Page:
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The Sacrifice of the Christmas Promise

The Sacrifice of the Christmas Promise

How many Christmases, with the world focused on the baby who came into the world, am I going to be blogging about losing a baby?


So I’ve been doing a whole lot of praying and listening and talking with God and a whole lot of processing and writing (well, actually, those are never mutually exclusive from the first three but rather synonymous with them), and I’ve made some progress from where I was in my “Angry” article. Not quite at the place to be able to share any helpful insights, yet, but He hasn’t left me. On the contrary, He’s been working with me as I yell and curl up in a ball and weep and search and try to figure out just what has happened, how I got things so wrong, and where I go from here with respect to hearing Him.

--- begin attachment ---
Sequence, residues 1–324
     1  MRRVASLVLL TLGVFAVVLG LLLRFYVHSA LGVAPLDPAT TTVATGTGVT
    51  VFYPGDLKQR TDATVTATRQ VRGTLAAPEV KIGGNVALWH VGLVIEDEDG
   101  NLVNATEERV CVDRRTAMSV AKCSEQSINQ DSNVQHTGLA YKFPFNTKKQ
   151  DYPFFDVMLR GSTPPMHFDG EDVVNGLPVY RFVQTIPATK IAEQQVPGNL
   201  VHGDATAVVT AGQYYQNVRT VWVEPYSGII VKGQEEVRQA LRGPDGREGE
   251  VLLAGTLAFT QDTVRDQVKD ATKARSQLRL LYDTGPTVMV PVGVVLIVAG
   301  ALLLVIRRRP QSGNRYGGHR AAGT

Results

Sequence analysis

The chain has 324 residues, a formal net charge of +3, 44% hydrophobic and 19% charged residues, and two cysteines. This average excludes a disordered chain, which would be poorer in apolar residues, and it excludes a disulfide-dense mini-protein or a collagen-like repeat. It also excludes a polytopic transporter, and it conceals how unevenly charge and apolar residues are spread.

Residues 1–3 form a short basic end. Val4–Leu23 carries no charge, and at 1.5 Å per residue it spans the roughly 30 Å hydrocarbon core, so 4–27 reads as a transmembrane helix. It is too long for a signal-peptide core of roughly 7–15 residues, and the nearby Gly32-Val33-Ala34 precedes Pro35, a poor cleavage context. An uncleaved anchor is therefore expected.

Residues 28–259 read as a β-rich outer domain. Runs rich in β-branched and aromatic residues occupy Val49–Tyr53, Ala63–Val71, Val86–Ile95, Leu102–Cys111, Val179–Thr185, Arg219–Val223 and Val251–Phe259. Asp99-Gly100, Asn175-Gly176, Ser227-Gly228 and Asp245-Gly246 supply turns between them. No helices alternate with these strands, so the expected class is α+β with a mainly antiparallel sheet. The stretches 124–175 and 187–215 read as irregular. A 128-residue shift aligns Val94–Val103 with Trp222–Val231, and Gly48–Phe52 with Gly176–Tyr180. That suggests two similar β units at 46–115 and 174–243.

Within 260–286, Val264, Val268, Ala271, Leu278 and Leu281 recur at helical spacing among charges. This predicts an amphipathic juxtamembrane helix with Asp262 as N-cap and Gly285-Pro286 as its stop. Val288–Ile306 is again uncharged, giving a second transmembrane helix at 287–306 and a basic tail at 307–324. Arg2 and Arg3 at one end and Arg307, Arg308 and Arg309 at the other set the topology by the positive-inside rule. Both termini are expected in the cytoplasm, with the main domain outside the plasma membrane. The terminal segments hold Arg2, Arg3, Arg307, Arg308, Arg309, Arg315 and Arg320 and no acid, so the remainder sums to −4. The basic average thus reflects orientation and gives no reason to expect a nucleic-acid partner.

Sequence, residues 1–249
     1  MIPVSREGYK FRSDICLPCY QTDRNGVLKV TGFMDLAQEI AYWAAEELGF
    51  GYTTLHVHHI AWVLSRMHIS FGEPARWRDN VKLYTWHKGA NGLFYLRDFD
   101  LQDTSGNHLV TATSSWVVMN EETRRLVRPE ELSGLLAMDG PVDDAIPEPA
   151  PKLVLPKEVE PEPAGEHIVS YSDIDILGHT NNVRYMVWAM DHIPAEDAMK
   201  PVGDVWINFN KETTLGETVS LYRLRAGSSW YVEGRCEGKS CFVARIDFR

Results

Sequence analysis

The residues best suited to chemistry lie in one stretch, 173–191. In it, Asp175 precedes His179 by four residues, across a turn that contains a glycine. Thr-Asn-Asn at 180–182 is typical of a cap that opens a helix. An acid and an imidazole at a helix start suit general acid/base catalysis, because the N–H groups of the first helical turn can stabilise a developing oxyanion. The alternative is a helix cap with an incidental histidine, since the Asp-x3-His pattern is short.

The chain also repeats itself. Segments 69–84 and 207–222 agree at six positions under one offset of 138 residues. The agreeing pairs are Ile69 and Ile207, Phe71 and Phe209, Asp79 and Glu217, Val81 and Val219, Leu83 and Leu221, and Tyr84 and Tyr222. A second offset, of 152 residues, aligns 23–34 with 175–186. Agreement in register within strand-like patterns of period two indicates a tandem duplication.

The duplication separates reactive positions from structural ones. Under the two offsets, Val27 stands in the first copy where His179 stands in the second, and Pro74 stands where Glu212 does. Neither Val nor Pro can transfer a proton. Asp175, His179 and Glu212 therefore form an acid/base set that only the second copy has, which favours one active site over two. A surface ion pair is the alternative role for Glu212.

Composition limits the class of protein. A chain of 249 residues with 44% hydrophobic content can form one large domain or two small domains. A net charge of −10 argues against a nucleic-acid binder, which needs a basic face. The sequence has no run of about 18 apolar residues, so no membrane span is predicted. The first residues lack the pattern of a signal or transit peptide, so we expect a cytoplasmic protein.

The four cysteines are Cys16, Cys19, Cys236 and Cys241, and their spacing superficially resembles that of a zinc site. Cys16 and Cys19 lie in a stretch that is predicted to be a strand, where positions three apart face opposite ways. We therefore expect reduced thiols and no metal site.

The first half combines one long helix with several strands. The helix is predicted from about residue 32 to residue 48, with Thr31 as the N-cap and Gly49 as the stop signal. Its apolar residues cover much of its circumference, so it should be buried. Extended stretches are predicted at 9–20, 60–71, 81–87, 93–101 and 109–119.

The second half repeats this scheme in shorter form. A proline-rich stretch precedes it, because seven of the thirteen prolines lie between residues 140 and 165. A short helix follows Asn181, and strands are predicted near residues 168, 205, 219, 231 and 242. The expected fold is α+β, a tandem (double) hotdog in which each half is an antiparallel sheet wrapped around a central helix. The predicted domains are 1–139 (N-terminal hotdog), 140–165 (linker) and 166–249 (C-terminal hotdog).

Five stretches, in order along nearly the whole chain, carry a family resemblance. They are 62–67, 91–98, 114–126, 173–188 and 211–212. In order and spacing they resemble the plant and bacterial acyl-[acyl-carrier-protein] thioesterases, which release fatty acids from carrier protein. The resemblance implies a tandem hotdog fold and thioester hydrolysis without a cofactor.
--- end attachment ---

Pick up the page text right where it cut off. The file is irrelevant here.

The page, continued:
With all that going on in my soul, Christmas looms.

Christmas. The day that is all about a baby. Still.


Looking For the Promise

Once again, I’m here, at this holiday, not feeling the peace or joy or glory. I’m identifying less with the angels singing than with the dung on the stable floor.

When I re-read the Christmas story (only, to be honest, because of reading it to my kids, not because I wanted to immerse myself in the whole miracle-to-the-world when I’m stuck in my didn’t-get-the-miracle-world), I did see something that hit me where I am, this Christmas.

Luke 2 tells us that Simeon was “looking forward to Israel’s consolation”, and that “it had been revealed to him by the Holy Spirit that he would not see death before he saw the Lord’s Messiah”. Likewise, the prophetess Anna came up to Jesus’ family in the temple and began to “thank God and to speak about Him to all who were looking forward to the redemption of Jerusalem”. These people knew the Old Testament prophecy about the Messiah who was to come, and they were looking for Him.